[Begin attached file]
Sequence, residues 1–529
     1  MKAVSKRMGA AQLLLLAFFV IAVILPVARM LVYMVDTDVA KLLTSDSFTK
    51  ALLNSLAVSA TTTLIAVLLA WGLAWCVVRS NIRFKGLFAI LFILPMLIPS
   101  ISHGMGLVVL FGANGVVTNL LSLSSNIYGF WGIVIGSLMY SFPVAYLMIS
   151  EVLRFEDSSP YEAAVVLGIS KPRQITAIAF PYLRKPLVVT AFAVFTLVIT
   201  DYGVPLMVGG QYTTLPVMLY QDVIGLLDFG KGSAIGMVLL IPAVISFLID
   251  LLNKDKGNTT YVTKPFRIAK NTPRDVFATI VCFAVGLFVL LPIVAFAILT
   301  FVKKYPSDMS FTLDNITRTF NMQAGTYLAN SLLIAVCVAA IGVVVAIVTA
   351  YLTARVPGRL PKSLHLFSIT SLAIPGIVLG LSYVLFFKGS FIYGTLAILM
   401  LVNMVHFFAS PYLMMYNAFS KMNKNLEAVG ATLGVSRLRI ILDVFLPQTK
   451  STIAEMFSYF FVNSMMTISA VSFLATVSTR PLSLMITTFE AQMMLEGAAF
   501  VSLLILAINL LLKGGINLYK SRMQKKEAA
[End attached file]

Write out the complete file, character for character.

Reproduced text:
Sequence, residues 1–529
     1  MKAVSKRMGA AQLLLLAFFV IAVILPVARM LVYMVDTDVA KLLTSDSFTK
    51  ALLNSLAVSA TTTLIAVLLA WGLAWCVVRS NIRFKGLFAI LFILPMLIPS
   101  ISHGMGLVVL FGANGVVTNL LSLSSNIYGF WGIVIGSLMY SFPVAYLMIS
   151  EVLRFEDSSP YEAAVVLGIS KPRQITAIAF PYLRKPLVVT AFAVFTLVIT
   201  DYGVPLMVGG QYTTLPVMLY QDVIGLLDFG KGSAIGMVLL IPAVISFLID
   251  LLNKDKGNTT YVTKPFRIAK NTPRDVFATI VCFAVGLFVL LPIVAFAILT
   301  FVKKYPSDMS FTLDNITRTF NMQAGTYLAN SLLIAVCVAA IGVVVAIVTA
   351  YLTARVPGRL PKSLHLFSIT SLAIPGIVLG LSYVLFFKGS FIYGTLAILM
   401  LVNMVHFFAS PYLMMYNAFS KMNKNLEAVG ATLGVSRLRI ILDVFLPQTK
   451  STIAEMFSYF FVNSMMTISA VSFLATVSTR PLSLMITTFE AQMMLEGAAF
   501  VSLLILAINL LLKGGINLYK SRMQKKEAA